520 Tasting Notes
This one surprised me! As far as bagged black teas go, this is a good standby. It’s bold and strong, bracing you for the day ahead. There aren’t any odd aftertastes that you sometimes get with black teas in bags. Also, it comes in one of those pretty mesh and thread sachets that I like.
I’d get into it further, but if you’ve ever had an English breakfast tea, you know what this is. This one isn’t particularly astringent and has a hint of fruit in it. It’s decent.
Another random tidbit to carry on my theme of things I only have one cup of!
This smelled delicious as soon as I opened the little packet. It’s fruity, sweet, and herbal all at the same time. The tisane itself is gorgeous to look at. Colorful dried berries, pink rosehips and hibiscus, purple-blue cornflower petals, and pale green sage all mixed together. But of course, I’m a little wary about the hibiscus. That stuff tends to shout over everything else.
It brews up to a pretty, dark magenta. Tart fruit is most present in the aroma, as well as something kinda lime-ish, but you can really smell the sage, too. I love the scent of sage. The flavor is mostly blueberry, and milder than what I had expected from the smell. Then, of course, along comes the hibiscus to smother the other ingredients. The sage is present, thankfully, but not as strong as I had hoped. There’s also this odd flavor that I can’t place. It’s sort of like citrus. I know it’s not the rosehips. Anyway, I’m not liking this too much, though it seemed promising in the beginning.
I realized I was the only tea geek among my coworkers when the Republic Of Tea shipment came in yesterday and I was the only one excited. The restaurant is carrying three new tea flavors and this was one of them. We already have the black tea version, which I’m not really a fan of, but I’m going to review them all anyway. (Blackberry Sage is among the new ones, too, which I’m thrilled about! It’s an old favorite.)
As far as the aroma goes, it smells almost the same as the black Ginger Peach. Like artificial peach candy. I wouldn’t expect that to be different, though. The flavor is pretty much what I imagined it would be. Heavy on the fakey peach, super light on the actual tea. No ginger to speak of whatsoever. This tastes really similar to a peach green tea that Lipton makes. Like the bottled stuff you’d get at a gas station. I mean, it’s not awful, but it’s not what I look for in a cup.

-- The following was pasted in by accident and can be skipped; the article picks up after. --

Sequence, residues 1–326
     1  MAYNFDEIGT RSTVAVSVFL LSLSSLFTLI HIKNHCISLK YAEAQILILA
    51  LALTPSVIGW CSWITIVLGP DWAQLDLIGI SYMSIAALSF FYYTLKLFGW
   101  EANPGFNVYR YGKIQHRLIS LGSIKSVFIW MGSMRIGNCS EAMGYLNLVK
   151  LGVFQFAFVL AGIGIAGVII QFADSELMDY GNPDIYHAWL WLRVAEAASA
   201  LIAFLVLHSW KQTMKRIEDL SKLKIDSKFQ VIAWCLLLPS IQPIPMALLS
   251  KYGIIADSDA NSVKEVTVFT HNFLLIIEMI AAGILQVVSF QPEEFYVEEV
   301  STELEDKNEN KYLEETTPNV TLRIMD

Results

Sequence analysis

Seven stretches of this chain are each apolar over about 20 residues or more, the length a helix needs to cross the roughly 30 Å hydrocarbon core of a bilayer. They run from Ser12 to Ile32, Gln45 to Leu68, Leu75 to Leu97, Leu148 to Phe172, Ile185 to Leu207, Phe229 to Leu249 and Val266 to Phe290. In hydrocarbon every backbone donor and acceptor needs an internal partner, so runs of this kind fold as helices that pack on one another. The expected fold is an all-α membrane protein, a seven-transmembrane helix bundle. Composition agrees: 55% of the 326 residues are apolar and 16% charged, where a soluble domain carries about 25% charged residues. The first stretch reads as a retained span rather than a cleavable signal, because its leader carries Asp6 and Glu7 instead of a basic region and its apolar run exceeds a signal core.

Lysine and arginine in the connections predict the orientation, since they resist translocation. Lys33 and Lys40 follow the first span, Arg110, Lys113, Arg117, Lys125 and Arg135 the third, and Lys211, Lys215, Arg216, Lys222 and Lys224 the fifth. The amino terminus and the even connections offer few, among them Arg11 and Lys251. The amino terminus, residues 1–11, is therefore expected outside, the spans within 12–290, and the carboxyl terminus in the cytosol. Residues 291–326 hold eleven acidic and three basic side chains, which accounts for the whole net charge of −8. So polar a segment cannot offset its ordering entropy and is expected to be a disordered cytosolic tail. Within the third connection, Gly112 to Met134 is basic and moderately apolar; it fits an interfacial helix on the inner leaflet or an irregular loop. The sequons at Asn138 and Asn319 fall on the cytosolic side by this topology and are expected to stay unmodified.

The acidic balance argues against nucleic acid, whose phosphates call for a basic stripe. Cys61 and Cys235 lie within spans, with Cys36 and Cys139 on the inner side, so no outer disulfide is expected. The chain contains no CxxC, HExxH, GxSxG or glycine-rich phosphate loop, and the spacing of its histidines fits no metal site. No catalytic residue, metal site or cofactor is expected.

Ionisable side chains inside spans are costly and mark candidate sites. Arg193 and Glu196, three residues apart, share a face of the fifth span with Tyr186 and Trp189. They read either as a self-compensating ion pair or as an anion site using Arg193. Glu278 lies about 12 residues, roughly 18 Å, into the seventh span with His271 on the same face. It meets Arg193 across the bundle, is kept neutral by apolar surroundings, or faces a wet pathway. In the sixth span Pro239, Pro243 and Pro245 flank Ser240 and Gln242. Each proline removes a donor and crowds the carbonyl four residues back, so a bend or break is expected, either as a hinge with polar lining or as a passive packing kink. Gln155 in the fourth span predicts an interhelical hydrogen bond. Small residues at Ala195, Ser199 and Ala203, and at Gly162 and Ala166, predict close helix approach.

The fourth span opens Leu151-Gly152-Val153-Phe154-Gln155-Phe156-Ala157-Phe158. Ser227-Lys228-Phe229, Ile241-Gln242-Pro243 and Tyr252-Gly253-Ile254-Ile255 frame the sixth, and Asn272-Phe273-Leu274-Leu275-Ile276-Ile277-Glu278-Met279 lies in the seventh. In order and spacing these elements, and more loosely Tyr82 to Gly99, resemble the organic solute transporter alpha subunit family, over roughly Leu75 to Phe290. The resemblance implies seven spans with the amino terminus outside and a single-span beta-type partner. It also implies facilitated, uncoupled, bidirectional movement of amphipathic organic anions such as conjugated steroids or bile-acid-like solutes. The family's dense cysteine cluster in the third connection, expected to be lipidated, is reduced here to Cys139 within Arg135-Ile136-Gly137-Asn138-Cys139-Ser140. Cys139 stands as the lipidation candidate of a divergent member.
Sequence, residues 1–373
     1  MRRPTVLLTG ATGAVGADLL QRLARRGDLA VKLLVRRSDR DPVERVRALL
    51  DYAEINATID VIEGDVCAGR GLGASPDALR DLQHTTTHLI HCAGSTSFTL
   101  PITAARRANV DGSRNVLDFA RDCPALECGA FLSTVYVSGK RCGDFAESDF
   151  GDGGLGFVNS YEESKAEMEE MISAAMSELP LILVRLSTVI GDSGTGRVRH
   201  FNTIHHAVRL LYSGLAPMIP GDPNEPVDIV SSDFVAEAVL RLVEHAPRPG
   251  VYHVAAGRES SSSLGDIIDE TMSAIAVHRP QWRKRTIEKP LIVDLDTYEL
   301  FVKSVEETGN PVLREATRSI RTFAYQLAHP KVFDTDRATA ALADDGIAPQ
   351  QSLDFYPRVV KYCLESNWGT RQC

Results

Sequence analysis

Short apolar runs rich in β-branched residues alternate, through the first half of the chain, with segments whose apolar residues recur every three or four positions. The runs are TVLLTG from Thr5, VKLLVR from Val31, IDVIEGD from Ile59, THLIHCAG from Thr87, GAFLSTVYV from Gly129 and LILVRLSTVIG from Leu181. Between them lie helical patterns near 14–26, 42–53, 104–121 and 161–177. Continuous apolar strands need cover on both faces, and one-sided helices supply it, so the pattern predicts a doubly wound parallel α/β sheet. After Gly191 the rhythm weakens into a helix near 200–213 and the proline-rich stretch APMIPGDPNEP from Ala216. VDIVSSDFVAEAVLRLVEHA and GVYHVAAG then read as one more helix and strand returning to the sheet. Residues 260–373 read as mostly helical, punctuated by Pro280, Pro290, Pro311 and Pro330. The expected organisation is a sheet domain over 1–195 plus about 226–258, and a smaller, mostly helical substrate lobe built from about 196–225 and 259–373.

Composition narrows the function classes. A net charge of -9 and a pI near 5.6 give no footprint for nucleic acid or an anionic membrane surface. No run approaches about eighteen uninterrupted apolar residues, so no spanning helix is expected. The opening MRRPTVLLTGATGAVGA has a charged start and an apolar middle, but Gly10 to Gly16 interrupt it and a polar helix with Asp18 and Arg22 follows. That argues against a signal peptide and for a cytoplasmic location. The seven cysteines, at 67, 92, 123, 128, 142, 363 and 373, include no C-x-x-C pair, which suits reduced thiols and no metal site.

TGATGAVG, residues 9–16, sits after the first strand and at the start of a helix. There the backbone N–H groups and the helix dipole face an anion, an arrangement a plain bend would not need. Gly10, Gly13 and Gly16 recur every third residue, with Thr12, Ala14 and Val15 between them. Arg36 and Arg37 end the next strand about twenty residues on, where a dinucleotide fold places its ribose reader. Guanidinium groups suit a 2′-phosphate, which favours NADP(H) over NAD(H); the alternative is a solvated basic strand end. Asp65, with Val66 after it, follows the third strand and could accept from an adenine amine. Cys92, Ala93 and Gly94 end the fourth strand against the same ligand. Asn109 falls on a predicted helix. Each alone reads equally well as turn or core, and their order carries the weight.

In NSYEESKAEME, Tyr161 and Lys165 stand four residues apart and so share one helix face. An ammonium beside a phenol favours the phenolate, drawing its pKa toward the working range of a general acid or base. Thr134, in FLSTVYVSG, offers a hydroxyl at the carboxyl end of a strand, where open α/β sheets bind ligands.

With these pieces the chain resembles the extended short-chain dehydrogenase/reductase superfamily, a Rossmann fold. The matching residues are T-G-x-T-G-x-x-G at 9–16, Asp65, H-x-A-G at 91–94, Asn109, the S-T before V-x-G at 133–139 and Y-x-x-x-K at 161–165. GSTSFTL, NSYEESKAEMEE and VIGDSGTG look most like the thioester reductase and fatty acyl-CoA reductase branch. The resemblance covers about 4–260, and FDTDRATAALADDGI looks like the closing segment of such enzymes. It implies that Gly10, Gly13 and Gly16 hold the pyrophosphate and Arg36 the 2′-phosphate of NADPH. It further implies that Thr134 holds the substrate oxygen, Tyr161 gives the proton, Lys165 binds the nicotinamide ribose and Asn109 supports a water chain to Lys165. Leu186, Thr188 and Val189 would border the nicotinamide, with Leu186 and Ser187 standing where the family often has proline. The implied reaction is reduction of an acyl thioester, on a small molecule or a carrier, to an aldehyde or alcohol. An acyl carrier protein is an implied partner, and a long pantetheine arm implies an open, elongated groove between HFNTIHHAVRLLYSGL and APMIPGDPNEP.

I believe this came from QueenOfTarts a good while ago. This has basically been a day of brewing all my single bagged oddities.
The packet says to only brew for a minute or two, so I went with two. After two minutes, it’s a little darker than a typical green tea would be. I wonder if that has something to do with the herbal/spice content. It smells like good old Constant Comment, which makes me smile.
The first thing I notice when I taste it is how much lighter it seems than the regular black version. Without the black tea’s strength to overpower the spices, they really come to the forefront. It almost has a little bit of a pleasant heat to it. Same with the orange peel. This tastes much more like oranges than the classic version. I can’t say much for the green tea aspect of it, though. It’s pretty mild and muted. I’m enjoying this much more than I expected!
First of all, I want to mention how pretty the sachet is! It’s round, super-fine mesh with white thread stitching all the way around, hemmed by a sewing machine the way you’d sew the bottom of a shirt. Also, there is a very generous amount of dried herbs in it. Maybe around three teaspoons.
The aroma is lovely and clean as it steeps. Minty with a bit of lemon. It’s oddly soothing just from the smell, which is dominated by spearmint. Originally, I planned to steep it for four minutes, but the tea grew dark quicker than I expected, so I stopped it at three. This turned out to be a good decision.